With myth-busting style, Dr. Craig Saucier dispelled the notion that the United States and Great Britain have shared a special cooperative relationship for time immemorial in his Fanfare lecture, “Mything in Action: The Fantasy of the Special Relationship.”
Saucier, a Southeastern Louisiana University history instructor, noted Wednesday, that it has long been assumed the strong alliance formed between the U.S. and Britain during World War II was a climax of a gradual and inevitable development of friendship. This assumption has been based on the countries’ common language, mutual commitment to democracy and a constitutional government as well as similar commitments to economic objectives such as free trade and capitalism. However, the long history of friendship is simply non-existent, said Saucier.
“While much is made of the generally and frequently friendly relations since 1945, in fact there is really nothing inevitable about our relationship,” Saucier told the audience of about 200. “If we were to go back, we would see a long history of mutual contempt between the British and the American governments.”
He noted that the period following the American Revolution was fraught with American-British conflict like the War of 1812 and disputes such as those over Oregon and the Panama Canal. Saucier chose to focus primarily on the relations between the U.S. and Britain in the years between the two world wars, the 1920s and 1930s.
Going into the 1920s, Britain was already bitter against the U.S. for its actions during World War I, Saucier noted. This bitterness stemmed in part from the United States’ early neutrality in the World War I, its expanded power at the expense of Britain, its insistence on an independent American army and its rejection of the Treaty of Versailles, after it had formerly cooperated with British diplomats.
“They saw the American rejection of the treaty as a fundamental betrayal of trust,” Saucier said. “British leaders will therefore find it difficult over the course of the next 20years or so to put a lot of faith and a lot of confidence in the assurances of the American government.”
In fact, the next 20 years were characterized by mistrust due mostly to American assurances which were never carried through. Mistrust was so bad, Saucier noted, one British politician was quoted as saying, “You’ll get nothing from the Americans but words, big words, but only words.”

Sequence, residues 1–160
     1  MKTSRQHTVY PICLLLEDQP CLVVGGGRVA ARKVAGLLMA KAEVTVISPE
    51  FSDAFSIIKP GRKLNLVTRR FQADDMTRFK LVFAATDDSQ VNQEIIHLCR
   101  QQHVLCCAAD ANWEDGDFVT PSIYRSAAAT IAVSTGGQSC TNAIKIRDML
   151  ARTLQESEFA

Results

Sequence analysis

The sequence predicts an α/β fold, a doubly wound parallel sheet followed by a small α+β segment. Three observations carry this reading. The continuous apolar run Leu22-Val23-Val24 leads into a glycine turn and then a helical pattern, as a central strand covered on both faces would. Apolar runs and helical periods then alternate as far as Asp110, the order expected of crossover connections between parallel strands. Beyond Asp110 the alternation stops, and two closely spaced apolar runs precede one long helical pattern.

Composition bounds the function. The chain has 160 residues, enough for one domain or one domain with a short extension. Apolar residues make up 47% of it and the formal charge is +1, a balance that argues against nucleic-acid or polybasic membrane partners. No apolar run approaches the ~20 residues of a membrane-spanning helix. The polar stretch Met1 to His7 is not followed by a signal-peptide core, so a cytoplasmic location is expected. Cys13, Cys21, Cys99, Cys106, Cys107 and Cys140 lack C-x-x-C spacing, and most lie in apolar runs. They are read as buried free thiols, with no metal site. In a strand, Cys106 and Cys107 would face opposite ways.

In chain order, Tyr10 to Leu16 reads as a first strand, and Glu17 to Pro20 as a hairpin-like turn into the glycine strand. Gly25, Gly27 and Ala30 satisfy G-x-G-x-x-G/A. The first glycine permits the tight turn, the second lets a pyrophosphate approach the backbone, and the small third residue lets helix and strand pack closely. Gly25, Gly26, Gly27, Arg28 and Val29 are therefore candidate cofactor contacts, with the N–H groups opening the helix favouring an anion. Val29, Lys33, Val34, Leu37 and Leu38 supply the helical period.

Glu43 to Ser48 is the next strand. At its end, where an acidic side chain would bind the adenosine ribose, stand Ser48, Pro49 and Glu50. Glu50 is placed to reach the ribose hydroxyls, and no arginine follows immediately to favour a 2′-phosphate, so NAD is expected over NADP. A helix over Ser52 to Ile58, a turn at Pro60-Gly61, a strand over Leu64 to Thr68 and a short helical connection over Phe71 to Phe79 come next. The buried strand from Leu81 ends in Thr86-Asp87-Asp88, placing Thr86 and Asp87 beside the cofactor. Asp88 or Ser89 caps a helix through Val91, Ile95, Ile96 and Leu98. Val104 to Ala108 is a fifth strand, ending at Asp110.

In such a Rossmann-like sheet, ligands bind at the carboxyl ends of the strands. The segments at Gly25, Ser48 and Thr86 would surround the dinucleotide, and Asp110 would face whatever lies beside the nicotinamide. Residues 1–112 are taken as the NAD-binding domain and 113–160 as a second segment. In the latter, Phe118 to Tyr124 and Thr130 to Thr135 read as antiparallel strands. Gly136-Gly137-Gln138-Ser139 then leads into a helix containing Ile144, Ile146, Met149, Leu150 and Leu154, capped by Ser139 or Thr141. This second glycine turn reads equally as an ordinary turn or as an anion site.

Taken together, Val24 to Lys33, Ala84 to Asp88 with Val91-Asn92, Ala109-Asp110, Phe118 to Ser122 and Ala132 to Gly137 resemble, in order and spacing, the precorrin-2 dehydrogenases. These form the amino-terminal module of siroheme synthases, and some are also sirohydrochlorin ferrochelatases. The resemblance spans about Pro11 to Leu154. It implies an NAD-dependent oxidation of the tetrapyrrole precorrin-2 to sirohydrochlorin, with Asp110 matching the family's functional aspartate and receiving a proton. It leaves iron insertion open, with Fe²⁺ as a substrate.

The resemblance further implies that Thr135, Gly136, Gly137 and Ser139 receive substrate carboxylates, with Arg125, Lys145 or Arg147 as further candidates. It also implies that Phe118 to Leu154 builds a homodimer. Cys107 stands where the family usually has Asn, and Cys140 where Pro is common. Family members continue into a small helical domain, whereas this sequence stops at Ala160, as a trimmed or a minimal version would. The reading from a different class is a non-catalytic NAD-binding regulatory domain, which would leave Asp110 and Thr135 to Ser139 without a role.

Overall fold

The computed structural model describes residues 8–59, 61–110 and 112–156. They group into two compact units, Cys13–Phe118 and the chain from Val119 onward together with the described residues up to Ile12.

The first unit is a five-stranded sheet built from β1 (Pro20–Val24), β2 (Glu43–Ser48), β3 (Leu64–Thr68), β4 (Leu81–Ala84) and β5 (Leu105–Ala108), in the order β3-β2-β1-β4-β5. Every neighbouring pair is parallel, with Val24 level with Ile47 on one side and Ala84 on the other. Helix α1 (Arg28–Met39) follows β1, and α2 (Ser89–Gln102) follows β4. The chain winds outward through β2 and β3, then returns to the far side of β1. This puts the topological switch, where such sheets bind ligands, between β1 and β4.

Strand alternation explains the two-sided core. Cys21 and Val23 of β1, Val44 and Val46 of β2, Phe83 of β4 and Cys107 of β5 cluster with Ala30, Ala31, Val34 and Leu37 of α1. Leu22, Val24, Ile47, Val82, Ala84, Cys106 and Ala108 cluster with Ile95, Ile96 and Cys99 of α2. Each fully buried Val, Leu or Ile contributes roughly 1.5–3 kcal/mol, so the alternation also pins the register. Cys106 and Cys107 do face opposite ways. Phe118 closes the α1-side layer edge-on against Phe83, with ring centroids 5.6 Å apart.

Saucier stated it was not until 1940 when Winston Churchill became prime minister that the U.S. and Great Britain truly began operating on with a more conscientious view of cooperation.
“And when they do,” Saucier said, “they find the result to be the salvation of the free world.”
Freshman Ryne Berthelot said at some points during Saucier’s lecture he seemed almost critical of the presidents during the time and made a strong case for U.S. fault in the shaky relations.
“That really has a different viewpoint,” Berthelot said. “He made some of the U.S. look very rash in their decisions.”
Eddie Puissegur, a senior citizen, said he found the lecture very interesting.
“I’m with the Go Club,” Puissegur said. “I came with them just to see what it was all about.”
Saucier began the lecture by introducing himself as Dr. Bill Robison about to introduce the “brilliant historian” Craig Saucier. Robison, who was dressed identically to Saucier, interrupted by informing his colleague that he was Craig Saucier and not History and Political Science department head.
The two professors pulled this little stunt because people often confuse them since they look alike, both being of similar build, wearing glasses and having graying hair pulled into a short ponytail.
“Our students frequently make the mistake of confusing us. Our colleagues sometimes do and apparently, it even extends to us,” joked the real Robison.